ROY — Marla Easton made history last week when she worked her first shift as a new captain of the Roy Fire Department.
Easton is the first female captain in the history of the department and she isn’t taking that lightly.
Easton has worked for Roy’s department for 18 years and has loved being a part of the Roy team.
“It’s pretty awesome but daunting. I know I am paving the way for future female captains,” Easton said of her new position.
Fire Chief Jason Poulson said having Easton on board as one of his seven captains is a big deal, but definitely deserved for Easton.
“This is huge. It’s a big deal and we are excited and proud,” Poulson said.
Poulson recently hired two new deputy chiefs which left an opening for a captain’s position.
“She scored number one on the captain’s test and number one on the chief’s interview,” Poulson said.
There were 13 applicants for the position and Easton was at the top of the list.
Applying for a captain job is not new for Easton. This was her fourth try with the rigorous captain’s test. Applicants are given a fire ground scenario and must go through what procedures and strategies should be used. Extensive interviews are also done with area chiefs plus a skills memo test, since there is much added paperwork that comes with the job.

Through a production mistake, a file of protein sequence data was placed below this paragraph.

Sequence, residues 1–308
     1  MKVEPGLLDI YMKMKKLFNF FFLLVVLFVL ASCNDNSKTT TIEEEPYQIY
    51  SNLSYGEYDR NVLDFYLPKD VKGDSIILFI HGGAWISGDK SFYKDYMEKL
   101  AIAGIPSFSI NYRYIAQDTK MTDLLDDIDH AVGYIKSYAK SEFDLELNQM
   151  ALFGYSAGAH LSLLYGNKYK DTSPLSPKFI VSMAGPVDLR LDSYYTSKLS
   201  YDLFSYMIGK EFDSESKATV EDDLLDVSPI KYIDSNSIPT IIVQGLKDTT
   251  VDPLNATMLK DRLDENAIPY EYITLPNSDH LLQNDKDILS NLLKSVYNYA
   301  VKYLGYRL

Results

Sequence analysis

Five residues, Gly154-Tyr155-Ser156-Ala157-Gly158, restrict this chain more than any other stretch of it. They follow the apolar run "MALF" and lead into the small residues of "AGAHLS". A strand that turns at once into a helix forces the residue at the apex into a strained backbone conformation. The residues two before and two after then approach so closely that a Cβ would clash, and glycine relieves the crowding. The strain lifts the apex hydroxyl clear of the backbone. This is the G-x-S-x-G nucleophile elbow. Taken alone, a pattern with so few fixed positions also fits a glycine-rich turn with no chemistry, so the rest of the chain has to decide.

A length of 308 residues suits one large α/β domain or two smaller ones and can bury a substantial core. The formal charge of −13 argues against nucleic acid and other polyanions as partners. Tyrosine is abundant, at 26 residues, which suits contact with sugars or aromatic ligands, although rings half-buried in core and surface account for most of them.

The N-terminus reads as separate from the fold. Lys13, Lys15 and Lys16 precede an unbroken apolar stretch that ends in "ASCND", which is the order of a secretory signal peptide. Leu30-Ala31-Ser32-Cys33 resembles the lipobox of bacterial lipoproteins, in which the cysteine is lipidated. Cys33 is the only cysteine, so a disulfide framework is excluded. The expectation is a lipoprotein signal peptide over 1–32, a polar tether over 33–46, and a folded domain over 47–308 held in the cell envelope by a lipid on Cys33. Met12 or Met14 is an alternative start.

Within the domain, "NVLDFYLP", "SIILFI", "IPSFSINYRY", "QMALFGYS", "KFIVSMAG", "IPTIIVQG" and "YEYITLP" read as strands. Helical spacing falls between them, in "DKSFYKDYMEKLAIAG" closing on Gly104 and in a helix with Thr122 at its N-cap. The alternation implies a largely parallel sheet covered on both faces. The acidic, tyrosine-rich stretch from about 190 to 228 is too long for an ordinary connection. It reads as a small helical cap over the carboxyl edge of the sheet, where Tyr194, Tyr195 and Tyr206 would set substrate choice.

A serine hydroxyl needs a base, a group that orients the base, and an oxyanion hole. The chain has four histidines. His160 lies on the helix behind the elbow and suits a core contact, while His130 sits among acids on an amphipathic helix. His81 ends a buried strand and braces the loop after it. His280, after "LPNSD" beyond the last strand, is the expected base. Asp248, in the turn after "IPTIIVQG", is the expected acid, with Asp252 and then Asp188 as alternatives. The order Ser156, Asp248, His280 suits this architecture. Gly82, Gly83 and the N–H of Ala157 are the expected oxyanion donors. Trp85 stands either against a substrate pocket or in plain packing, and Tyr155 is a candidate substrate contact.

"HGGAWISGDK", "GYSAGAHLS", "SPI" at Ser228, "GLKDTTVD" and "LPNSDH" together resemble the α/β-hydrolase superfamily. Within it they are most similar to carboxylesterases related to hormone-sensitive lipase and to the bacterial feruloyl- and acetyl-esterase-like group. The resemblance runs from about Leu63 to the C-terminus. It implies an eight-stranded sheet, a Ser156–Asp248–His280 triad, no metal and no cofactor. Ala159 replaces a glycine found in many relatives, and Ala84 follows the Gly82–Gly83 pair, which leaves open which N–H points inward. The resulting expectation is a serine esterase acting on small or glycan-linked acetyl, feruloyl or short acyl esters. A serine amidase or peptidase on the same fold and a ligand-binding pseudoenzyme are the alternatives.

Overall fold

Easton is honored to be one of the few women in the area to be a female captain, they are few and far between as are women fire fighters in general. There is only one other woman that works for Roy’s department. Poulson knows she is equal to the task.
“She is a great asset and a great leader and we are excited to have her in the role,” he said.
Easton laughed as she recently said she has only worked five shifts as a captain, not that she has kept track, she said.
“I am dedicated to doing it right,” she said.
Being a captain has been a huge goal for Easton for a long time. She was hired as an Emergency Medical Technician in 1995 and went through fire training and paramedic school and was hired full time for the city in 1999. Since then she has taken different officer classes to prepare herself to someday be a captain, but her goals don’t end there, she wants to continue to excel and be the best she can be.
She attributes much of her success to her working environment for the Roy department.
“They have great attitudes and honestly care about the people they serve every day,” she said of her fellow co-workers. “We don’t have much turn over.”
She looks forward to making personal improvements, but also to help her fellow employees improve as well.
“I want to be an example that everyone can move up,” she said.